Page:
FitzGerald tops field in District 3; will face Richards in Nov. runoff

Maureen Feeney, the former city clerk and District 3 councillor, joins exiting councillor Frank Baker in congratulating John FitzGerald for topping the Sept. 12 preliminary. (Seth Daniel photo)

Voters in select parts of the city on Tuesday trickled into polling locations, choosing two finalists, John FitzGerald, a Boston Planning and Development Agency official, and Joel Richards, a public school teacher, in the open race for City Council District 3, which includes Dorchester and the South End. They also expelled Ricardo Arroyo, the incumbent councillor for District 5, which includes Hyde Park, Mattapan, and Roslindale.

The latter made history, as Arroyo became one of two incumbents to be ousted in a preliminary since Boston switched to its current system in 1983. District 6 Councillor Kendra Lara, who represents Jamaica Plain and West Roxbury, was the other. She also lost her seat Tuesday night.

In District 3, Frank Baker decided back in April against running for another two-year term, sparking a seven-way preliminary. FitzGerald, who received support from Baker and former mayor Marty Walsh, was the top vote-getter. The name of the candidate who will join FitzGerald on the ballot for the Nov. 7 final election became clear on Wednesday morning after Ann M. Walsh, a former nonprofit leader, called Richards to concede.

FitzGerald was posting lopsided wins in key precincts in Wards 16. Walsh and Richards, notched wins in their home precincts in Lower Mills and Fields Corner, respectively.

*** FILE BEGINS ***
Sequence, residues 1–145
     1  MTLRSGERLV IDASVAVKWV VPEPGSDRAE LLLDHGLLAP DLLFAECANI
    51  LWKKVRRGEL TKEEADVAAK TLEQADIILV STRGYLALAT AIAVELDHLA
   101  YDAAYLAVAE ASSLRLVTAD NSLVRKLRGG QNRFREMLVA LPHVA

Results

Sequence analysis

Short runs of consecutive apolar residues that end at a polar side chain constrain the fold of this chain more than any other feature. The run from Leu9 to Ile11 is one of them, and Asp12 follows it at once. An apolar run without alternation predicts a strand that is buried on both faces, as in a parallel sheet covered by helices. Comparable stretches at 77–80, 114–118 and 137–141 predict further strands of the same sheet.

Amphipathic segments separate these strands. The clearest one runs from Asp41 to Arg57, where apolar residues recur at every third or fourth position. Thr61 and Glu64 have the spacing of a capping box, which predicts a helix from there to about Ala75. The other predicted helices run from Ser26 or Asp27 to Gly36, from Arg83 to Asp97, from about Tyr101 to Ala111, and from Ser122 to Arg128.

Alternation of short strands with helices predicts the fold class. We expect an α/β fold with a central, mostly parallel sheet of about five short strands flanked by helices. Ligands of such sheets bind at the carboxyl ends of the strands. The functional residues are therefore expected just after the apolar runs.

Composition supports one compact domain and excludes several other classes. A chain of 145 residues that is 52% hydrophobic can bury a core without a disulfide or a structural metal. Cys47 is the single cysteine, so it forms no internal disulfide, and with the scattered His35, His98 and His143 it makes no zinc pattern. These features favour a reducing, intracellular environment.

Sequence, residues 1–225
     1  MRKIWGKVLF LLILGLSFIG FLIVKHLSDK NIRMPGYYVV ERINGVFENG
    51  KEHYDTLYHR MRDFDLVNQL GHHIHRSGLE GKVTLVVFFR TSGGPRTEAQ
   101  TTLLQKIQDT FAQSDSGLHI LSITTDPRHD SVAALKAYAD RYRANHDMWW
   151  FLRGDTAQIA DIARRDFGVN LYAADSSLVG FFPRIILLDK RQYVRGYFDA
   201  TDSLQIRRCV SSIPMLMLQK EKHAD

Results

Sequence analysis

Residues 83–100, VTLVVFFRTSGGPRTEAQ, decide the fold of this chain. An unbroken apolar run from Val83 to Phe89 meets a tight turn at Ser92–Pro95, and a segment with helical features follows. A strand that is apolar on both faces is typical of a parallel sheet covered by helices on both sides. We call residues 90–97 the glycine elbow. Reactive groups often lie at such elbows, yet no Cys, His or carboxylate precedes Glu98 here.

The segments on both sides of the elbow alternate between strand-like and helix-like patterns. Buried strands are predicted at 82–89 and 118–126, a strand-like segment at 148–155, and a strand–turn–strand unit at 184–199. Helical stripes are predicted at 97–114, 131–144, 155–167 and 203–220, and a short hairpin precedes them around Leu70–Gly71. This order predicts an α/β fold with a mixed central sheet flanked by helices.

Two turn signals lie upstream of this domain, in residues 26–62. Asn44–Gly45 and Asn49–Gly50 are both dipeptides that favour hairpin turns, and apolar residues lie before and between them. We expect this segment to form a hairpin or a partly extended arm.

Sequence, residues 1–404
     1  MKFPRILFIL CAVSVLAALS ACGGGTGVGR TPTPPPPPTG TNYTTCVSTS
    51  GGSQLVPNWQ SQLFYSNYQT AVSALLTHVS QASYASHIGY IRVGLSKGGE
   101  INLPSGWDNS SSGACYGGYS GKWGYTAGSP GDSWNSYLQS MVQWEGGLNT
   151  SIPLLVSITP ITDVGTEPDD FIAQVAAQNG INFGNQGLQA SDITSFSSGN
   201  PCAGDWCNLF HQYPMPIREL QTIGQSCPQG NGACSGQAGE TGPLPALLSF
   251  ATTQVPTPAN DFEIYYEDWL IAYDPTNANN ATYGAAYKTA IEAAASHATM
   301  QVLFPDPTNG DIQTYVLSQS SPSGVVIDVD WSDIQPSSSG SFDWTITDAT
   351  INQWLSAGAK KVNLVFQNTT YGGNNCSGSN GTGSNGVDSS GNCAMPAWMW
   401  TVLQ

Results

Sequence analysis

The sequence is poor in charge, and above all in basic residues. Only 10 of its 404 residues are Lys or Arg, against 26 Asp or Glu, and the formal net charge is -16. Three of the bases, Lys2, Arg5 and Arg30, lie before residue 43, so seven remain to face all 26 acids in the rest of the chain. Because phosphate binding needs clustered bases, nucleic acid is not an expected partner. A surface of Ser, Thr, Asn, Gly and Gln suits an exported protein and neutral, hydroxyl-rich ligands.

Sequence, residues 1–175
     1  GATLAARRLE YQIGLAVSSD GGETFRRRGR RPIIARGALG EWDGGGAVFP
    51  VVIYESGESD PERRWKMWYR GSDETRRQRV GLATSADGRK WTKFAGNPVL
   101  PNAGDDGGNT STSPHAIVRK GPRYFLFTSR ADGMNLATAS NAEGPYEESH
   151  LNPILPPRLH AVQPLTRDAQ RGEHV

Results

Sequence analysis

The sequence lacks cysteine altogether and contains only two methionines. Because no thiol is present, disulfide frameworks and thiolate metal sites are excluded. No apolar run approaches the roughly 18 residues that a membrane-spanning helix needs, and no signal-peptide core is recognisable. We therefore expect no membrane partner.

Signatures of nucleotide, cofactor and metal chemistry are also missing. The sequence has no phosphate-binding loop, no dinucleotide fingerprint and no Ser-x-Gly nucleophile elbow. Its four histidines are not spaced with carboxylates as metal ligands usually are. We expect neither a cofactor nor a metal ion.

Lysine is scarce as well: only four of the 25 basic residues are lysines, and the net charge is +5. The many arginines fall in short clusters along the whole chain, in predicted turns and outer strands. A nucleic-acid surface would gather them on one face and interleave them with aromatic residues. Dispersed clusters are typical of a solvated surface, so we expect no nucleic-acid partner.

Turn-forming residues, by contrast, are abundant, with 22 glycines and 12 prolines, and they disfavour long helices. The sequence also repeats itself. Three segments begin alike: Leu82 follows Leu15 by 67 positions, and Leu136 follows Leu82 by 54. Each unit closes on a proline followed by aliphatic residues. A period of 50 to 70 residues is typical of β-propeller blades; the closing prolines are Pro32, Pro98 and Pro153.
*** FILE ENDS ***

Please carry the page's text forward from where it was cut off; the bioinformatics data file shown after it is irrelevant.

But in parts of Neponset— like the vote-heavy double-precinct polling station at the Adams Street Library— FitzGerald was building a sizable lead. In 16-9, he posted a landslide with 381 votes out of a total 432 cast. Walsh came in second in that precinct with 23 votes.

FitzGerald, who has the support of Baker and former mayor Marty Walsh, was also very strong in the other Adams St. Library precinct 16-8, which covers much of the Ashmont-Adams section. There, he captured 237 votes to Walsh's 87 and Richards' 53.

In Savin's 13-10, FitzGerald won 221 votes, with Richards picking up 82 votes and Walsh receiving 62 votes. FitzGerald and Jennifer Johnson, a Meetinghouse Hill activist also on the District 3 ballot, were both at the polling location, Cristo Rey High School, until the polls closed at 8 p.m.

Overall, FitzGerald won with 43 percent of the vote, according to the unofficial City Hall tally. Richards received 19 percent, and Walsh came in with roughly 18 percent.

Joel Richards, who earned a spot on the November ballot for District 3 council with a second-place finish in Tuesday’s election, is shown with supporters at his Election night party at the Blarney Stone in Fields Corner. (Seth Daniel photo)

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Ann Walsh, who finished third in the District 3 contest, addressed supporters on the patio of The Bowery in Lower Mills on Tuesday night. (Gintautas Dumcius photo)

As votes were still being counted around 9 p.m., FitzGerald swung by Walsh's election party at the Bowery in Lower Mills before heading to his own at the Landmark in Adams Village. He briefly spoke with several Walsh supporters.

About a half hour later, Walsh arrived and addressed her supporters. "Wasn't this a fun summer project?" she quipped.

She relayed that her campaign was "unlikely" to make it. "But it is so close we will wait," she said. "It's under 100 votes so we're waiting." She later said she had spoken to City Hall elections staffers and they said the full results were expected in the morning.

Richards, who ran for City Council in neighboring District 4 in 2021 before the Council’s redistricting process flipped him into District 3 this year, declared victory in a phone call with the Reporter. He credited his message focused on the need for affordable housing and neighborhood schools people can walk their children to. “I have the same desires other people have,” he said.